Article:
Rangers bankruptcy judge absolutely reams Chuck Greenberg

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As I said this morning, the bankruptcy judge presiding over the Rangers case had initially set the hearing for July 9th, switched it to July 22nd, but then today switched it back to July 9th after Chuck Greenberg and Nolan Ryan moved him to do so in order to make sure they can own the team before the trade deadline rolls around.  Schedules just kind of jump around like that in litigation, and as I said before, it’s not of great consequence.  What can be of great consequence, however, is the machinations behind the changing of the schedules, and on that score Chuck Greenberg may have just shot himself in the foot.

According to Evan Grant, when the judge initially pushed the schedule back to July 22nd, Chuck Greenberg said, audibly, and in open court, “Rome is burning.”  See, that was really stupid, because rather than merely to serve as a means of voicing his displeasure at the schedule, it served to directly insult the judge. That phrase does not say “but we need to move more quickly.”  It says “you, judge, are like Emperor Nero. You’re a careless tyrant who does not care that the city is burning down while you sit and fiddle.”

This is not mere speculation on my part. You see, I once filed a brief in court in which I made reference to “Rome burning” in an effort to get the case moved along more quickly.  It wasn’t really my choice — higher ups and the client inserted the phrase and demanded that it stay in there — but my name was on the brief and I was responsible for its contents. I should have deleted it, though.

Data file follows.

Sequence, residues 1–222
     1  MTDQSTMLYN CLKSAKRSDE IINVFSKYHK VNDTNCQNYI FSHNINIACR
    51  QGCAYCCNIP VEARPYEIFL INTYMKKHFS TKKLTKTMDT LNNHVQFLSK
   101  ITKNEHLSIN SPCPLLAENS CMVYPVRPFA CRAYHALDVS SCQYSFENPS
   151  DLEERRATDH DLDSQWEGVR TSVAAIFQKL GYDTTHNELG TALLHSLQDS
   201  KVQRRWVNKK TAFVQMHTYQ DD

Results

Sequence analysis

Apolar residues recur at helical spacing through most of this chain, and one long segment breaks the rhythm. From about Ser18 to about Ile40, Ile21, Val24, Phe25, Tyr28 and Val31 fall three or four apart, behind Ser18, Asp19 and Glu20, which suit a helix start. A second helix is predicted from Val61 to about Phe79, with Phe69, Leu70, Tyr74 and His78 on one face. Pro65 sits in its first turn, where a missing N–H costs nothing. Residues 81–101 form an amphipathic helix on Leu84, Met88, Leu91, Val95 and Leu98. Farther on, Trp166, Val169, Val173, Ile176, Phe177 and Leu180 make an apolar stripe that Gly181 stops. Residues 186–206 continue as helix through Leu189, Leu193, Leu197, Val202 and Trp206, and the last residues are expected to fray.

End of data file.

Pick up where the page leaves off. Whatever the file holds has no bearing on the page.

Why? Because the day it was filed I was called down to the judge’s chambers and was torn a new one. The judge saw it as his integrity and his character being called out. Saying “Rome is burning” to a judge is like using the magic words on an umpire (See “Bull Durham” for what those words are). He also told me that if he really thought I was the one who wrote the phrase — which he didn’t, because he was basically aware of who was really calling the shots — he would have held me in contempt. As it was, it was a pretty stark lesson in professional decorum.

While the Rangers judge ultimately moved the hearing date at Greenberg’s request, he clearly felt the same way about the motion and, in all likelihood, the “Rome is burning line” as my judge did. Just listen to what he said today:

“You need to understand that this court will decide whether to
approve this plan . . . and will not decide based on what the fans want . . . what the media wants . . . what Mr. Nolan and Mr. Greenberg want . . . or what Bud Selig wants. If the
plan fails to meet (the requirements of the bankruptcy code), I will deny
confirmation and we will be back to square one, and it will be on the
head of those who supported this motion . . . For the sake of the Rangers, I do not want to
see this team stuck in Chapter 11 until this fall. You guys
— not me — you guys are the ones who pushed for this date.”

Does that mean that the judge won’t ultimately approve the plan and let the team get sold?  No. But based on those comments I think it’s clear that the judge will be much more critical of it than he would have been otherwise.  What he said was, without question, a warning to that effect.  And you can probably bet the farm that if there are minor differences between the creditors and the Rangers following the mediation, the judge will be inclined to rule in the creditors favor, potentially costing the Rangers some money and maybe some time.